June 21, 2022
Mayo Clinic Alix School of Medicine students moved to help people experiencing homelessness are expanding their medical school experiences and their world views by bringing street medicine to homeless populations. Take an in-depth look at this volunteer opportunity and learn about street medicine and what inspires these students.
When Julianna Smith moved from Kingman, Arizona, to Phoenix to attend Arizona State University, she immediately noticed the homeless population. She wasn't used to seeing encampments in her hometown of 30,000 people. Instead of looking away, Smith wondered how she could help.
"My family is service-oriented. My mom's a teacher and my dad's a lawyer," she says. "When I worked as a nursing assistant at a hospital, I had conversations with patients who were in pain or bad situations and became comfortable talking to strangers about their life experiences."
While at Arizona State University, Smith got involved with an organization called Street Medicine Phoenix. She wanted to continue that volunteer work at Mayo Clinic Alix School of Medicine.
She found a kindred soul in fellow medical student Christopher Poyorena. The pair facilitated the school offering student volunteer opportunities with Street Medicine Phoenix, whose mission is to ensure quality health care for the city's homeless population.
Street Medicine Phoenix organizes students and faculty from the University of Arizona, Arizona State University and Northern Arizona University to bring services to people who are homeless. Student volunteers walk side by side with a physician on street runs, doing blood pressure checks, blood glucose screenings, wound care and general health checks, and dispensing supplies, including hygiene kits.
Smith and Poyorena didn't start from scratch. They built on the contacts fellow medical student Terence Meyerhoefer made when he tried to start street medicine volunteerism at the medical school a few years earlier.
Since the volunteer opportunity was introduced to medical students on the Arizona campus in fall 2021, more than 25 students have participated in street runs, and twice as many have signed up to participate in training.
Our medical school class started during the pandemic and has had largely virtual education, so being able to interact with and help people in the community has been especially fulfilling for many of us. The homeless population has been hurt badly by the pandemic and is too often overlooked. They can benefit from the knowledge and skills we're learning as medical students. This is why I went to medical school — to serve people.
Student, Mayo Clinic Alix School of Medicine
Poyorena, a native of Los Angeles, can relate. He was a college student one semester shy of graduating when his life took unexpected turns. When he heard a man speak about his similar experiences, turning his life around and becoming a trauma surgeon, Poyorena felt encouraged to find his passion, engage in service, and turn his life around.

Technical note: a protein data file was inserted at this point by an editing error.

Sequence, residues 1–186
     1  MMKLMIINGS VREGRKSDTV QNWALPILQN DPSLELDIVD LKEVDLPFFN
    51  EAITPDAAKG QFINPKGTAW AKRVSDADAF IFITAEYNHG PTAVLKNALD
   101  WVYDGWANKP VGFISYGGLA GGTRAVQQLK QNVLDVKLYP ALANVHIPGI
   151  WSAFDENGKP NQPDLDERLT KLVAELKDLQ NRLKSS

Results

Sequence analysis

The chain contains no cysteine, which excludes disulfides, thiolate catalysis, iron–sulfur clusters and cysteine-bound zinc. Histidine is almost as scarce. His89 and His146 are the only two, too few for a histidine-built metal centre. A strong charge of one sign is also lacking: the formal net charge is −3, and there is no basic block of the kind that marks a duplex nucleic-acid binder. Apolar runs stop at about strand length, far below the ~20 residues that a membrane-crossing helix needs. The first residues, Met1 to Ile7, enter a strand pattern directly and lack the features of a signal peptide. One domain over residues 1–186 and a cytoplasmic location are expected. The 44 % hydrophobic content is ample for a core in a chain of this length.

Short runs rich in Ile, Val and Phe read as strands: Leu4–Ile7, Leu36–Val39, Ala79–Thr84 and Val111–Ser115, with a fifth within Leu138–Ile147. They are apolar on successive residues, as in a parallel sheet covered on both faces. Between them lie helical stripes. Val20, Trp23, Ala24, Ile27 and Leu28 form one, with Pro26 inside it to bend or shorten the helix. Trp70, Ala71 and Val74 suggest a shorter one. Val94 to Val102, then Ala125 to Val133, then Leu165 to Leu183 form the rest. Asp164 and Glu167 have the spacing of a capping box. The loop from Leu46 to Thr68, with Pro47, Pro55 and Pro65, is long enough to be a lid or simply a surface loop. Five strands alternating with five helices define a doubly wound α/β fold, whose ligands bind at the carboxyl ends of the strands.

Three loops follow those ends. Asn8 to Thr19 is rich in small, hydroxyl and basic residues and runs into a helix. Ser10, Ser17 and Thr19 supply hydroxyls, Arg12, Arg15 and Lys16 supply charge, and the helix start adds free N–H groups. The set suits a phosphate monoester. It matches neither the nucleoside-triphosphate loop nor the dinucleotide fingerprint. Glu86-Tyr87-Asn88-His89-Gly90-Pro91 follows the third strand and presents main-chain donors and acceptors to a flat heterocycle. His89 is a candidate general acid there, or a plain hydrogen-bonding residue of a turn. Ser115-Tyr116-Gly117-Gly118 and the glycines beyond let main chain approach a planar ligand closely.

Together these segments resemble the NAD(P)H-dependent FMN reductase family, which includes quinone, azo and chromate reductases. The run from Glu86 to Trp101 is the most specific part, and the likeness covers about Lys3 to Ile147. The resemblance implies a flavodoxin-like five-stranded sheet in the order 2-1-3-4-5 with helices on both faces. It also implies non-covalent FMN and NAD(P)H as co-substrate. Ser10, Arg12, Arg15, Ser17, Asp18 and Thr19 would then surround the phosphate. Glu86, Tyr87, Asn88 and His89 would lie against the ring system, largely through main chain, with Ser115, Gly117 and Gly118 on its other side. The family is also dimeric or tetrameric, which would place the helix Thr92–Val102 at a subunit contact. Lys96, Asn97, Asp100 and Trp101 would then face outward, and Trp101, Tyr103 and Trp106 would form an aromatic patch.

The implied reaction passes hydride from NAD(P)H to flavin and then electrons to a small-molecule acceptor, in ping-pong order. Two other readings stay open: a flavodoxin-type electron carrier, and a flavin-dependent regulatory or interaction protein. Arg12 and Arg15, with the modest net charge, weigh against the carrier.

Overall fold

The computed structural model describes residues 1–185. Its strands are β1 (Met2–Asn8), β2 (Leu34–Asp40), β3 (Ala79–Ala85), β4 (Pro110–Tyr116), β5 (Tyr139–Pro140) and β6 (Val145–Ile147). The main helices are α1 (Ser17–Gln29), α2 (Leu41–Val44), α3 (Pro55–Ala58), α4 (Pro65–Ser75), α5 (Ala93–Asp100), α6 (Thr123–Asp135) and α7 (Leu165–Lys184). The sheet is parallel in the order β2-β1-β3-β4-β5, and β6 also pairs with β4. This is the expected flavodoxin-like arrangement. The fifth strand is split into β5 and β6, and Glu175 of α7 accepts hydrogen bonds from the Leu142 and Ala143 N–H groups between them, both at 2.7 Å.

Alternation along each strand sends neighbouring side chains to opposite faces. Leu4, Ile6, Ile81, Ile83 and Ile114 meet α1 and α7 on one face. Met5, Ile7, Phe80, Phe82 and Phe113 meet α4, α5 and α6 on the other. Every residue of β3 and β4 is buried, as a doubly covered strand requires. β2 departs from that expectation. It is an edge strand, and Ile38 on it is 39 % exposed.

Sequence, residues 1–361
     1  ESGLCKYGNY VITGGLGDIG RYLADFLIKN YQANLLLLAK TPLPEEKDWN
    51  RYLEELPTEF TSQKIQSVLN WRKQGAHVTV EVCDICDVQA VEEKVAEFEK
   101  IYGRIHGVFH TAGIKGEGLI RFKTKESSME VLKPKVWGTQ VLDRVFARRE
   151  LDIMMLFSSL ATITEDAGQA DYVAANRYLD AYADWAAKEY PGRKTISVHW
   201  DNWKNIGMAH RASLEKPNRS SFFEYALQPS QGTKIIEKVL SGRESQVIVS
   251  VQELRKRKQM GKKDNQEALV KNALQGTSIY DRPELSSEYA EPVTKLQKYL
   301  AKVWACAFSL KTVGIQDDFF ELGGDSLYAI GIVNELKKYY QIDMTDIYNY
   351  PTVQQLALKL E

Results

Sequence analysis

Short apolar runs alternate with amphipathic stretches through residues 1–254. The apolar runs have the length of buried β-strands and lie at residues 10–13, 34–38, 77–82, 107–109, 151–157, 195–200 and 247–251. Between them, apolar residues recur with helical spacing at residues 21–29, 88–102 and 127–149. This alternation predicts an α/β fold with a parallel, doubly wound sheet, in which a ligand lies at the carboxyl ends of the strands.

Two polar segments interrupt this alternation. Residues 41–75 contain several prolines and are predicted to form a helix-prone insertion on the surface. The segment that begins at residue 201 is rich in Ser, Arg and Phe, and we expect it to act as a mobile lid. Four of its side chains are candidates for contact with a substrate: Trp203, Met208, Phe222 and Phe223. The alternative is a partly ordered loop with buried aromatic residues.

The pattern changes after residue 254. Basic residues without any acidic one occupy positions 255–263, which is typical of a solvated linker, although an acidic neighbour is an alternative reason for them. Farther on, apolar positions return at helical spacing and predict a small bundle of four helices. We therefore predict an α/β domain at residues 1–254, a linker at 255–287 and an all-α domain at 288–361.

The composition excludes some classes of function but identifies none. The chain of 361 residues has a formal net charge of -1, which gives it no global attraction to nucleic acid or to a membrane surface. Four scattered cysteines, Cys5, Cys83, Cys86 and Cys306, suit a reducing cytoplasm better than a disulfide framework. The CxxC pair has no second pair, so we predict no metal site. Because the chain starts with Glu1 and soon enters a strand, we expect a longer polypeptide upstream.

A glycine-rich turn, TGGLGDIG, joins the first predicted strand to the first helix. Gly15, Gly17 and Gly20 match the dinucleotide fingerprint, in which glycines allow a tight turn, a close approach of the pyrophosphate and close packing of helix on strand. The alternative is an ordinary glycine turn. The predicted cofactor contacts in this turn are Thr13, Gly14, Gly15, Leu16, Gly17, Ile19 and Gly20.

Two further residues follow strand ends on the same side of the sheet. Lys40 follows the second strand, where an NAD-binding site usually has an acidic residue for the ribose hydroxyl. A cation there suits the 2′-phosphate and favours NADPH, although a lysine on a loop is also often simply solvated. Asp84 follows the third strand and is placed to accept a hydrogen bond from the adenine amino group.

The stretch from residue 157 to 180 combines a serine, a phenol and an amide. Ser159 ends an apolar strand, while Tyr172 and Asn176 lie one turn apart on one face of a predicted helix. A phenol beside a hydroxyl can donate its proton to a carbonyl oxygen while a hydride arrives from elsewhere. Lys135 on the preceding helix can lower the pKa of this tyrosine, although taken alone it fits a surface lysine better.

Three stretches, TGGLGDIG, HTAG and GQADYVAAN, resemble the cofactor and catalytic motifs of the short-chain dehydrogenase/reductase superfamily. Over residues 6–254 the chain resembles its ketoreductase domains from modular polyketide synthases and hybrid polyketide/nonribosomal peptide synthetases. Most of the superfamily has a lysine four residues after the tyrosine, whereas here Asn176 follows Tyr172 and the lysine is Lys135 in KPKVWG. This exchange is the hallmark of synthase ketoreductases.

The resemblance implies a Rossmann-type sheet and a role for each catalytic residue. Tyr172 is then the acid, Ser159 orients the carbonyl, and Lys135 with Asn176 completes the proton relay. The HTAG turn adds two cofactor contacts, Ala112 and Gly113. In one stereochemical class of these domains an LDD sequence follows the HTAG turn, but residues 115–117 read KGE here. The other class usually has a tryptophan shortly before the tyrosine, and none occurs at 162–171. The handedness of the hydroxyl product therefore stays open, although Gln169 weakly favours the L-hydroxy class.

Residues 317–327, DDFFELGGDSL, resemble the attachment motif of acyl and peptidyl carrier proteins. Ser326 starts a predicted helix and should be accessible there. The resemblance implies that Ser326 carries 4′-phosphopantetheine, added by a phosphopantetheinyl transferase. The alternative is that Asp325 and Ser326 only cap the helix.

Poyorena returned to school, became an EMT, and had a series of jobs in the emergency department at Keck Hospital at the University of Southern California. He got involved in a friend's nonprofit organization to distribute Narcan to homeless people, among others. And he volunteered to help University of Southern California physicians at outreach free clinics.
"About a third of the patients in the emergency department were homeless. Many people pretended not to see them, but I love them," says Poyorena. "You can't solve many of their problems, but you can listen to them. They just want to share their stories. I now have an opportunity to be a force to help them."
We're at a privileged institution. It's good to get exposure to people who aren't the standard Mayo Clinic patients. We can show empathy and demonstrate to people who lack shelter that they have value and matter. Every student who has participated has said it's the best experience they've had in medical school so far.
Student, Mayo Clinic Alix School of Medicine
As a force behind the street medicine volunteer opportunity at Mayo Clinic Alix School of Medicine — Arizona campus, Poyorena says he would like the program to evolve into an official selective — something that will continue after he and Smith have completed medical school.
Smith is considering a focus on critical care or cardiology for her career. Poyorena is set on emergency medicine and possibly an addiction medicine or critical care fellowship.
"My experiences have given me perspective and transformed me, no matter where or how I practice," says Poyorena. "I hope that by sharing these parts of myself and advocating for street medicine service, I'm helping my classmates and future medical students experience that same gift."
A version of this story originally appeared In the Loop, Mayo Clinic's blog offering news and views across Mayo Clinic.